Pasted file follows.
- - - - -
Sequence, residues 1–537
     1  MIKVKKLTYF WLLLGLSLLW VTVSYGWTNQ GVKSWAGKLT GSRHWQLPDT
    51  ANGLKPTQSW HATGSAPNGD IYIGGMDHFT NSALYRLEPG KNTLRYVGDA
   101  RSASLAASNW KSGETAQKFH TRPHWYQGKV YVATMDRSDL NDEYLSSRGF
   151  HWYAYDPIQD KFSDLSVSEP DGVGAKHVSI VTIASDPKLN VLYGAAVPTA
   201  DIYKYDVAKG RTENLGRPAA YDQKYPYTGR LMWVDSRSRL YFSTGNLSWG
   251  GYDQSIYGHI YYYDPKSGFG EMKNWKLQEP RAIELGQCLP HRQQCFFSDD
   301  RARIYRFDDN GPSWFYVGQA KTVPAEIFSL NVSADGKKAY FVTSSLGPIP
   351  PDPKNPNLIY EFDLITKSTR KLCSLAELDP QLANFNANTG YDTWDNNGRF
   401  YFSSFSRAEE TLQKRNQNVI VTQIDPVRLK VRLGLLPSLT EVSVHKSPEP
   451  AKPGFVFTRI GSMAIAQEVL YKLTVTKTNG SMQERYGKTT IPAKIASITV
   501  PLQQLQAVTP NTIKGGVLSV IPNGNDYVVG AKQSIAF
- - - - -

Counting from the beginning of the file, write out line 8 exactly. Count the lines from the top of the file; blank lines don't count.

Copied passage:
   301  RARIYRFDDN GPSWFYVGQA KTVPAEIFSL NVSADGKKAY FVTSSLGPIP